It took the Citrus Grisette 20 days to reach its final gravity. Actually it went a little past to 1.008 (1.011 estimated), so the beer should hold around 4.8% abv. The WLP400 yeast has been slow every time I have used it. The foam in the fermentation tank came rushing out on the first day, but the fermentation soon slowed down. I therefore moved the fermentation tank to the bathroom at day four, so for the last 16 days it fermented at 24C. The high temperature didn't seem to affect the flavour in any way.
I always drink the sample that I take for the hydrometer jar. The beer seemed light and quite clean with a hint of coriander and citrus. It is always a bit hard to tell exactly how it will end up as there is still some yeast floating around and next to no carbonation in the sample.
The Scottish Export 80/- had an FG of 1.012 (1.011 estimated), so it was pretty much spot on. That should result in 4.2% abv. The yeast, WLP028, is an extremely fast fermenter as the entire beer fermented out completely in about three days. I didn't bother checking the gravity, but that's when the fermentation lock activity stopped. Lazy as I am, I waited for the Grisette to finish, so that I could keg them both at the same time. I've never had any noticeable side effects from leaving the beer on the yeast cake a few more days. I'll definitely use the Edinburgh yeast again.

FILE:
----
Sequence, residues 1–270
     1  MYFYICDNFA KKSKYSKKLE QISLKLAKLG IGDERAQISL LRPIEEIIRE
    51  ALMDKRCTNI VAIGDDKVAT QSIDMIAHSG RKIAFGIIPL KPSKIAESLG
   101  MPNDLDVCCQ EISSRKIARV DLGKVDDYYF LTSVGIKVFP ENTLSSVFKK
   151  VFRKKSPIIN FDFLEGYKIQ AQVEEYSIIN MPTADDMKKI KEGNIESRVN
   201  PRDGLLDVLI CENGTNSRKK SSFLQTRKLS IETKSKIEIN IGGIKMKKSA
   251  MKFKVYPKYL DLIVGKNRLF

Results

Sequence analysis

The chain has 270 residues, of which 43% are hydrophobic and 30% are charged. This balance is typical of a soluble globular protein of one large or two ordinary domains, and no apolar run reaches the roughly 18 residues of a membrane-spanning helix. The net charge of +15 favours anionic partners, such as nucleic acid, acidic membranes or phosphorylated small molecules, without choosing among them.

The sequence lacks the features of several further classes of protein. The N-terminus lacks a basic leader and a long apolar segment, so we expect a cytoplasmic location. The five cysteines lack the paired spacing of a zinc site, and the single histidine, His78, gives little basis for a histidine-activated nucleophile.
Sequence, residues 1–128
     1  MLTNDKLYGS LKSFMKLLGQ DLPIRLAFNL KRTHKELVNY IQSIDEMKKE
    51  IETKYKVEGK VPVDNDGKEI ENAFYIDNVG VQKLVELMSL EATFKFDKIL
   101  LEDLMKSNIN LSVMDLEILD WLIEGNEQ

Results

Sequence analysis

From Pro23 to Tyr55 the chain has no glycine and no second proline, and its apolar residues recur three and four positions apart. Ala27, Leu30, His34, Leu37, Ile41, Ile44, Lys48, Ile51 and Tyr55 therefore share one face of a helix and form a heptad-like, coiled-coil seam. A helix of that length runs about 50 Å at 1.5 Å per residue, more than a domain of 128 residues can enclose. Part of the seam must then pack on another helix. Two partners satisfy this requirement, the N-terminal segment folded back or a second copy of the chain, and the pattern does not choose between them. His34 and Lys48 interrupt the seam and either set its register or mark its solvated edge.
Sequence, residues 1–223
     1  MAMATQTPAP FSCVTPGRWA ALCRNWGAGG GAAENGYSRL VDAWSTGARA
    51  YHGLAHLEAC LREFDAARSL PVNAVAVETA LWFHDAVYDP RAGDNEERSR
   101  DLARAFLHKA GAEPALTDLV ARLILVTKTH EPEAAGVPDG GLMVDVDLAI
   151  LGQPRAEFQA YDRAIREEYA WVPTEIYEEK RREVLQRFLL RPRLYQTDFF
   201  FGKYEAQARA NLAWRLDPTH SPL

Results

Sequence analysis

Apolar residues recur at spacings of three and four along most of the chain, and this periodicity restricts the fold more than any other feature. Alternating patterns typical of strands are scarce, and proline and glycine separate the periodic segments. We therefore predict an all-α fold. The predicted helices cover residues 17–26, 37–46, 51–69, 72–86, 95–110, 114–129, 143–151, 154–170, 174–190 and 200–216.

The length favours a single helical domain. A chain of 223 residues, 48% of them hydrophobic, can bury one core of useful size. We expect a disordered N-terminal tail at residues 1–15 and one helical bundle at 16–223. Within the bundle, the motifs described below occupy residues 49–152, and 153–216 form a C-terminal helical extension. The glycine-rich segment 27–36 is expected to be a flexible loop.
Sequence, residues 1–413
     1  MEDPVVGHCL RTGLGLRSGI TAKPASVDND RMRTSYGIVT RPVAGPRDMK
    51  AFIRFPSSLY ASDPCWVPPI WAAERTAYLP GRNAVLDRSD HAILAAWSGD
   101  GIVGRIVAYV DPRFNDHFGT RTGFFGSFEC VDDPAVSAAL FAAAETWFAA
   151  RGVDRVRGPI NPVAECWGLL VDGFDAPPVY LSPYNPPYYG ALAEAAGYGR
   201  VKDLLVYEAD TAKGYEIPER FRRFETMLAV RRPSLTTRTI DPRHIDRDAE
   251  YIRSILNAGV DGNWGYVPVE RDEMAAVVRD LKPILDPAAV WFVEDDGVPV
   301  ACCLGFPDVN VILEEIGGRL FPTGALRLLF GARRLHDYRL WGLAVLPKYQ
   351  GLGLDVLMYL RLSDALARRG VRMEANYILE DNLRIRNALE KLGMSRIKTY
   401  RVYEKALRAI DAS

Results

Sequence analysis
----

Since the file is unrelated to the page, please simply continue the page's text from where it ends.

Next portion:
The flavour is slightly biscuity from the amber malt. Quite nice actually. I was a bit curious about the effects of the amber malts, and 7% of the malt bill (400 grams) seems not to be too much. I'll probably use more of it in the next beer.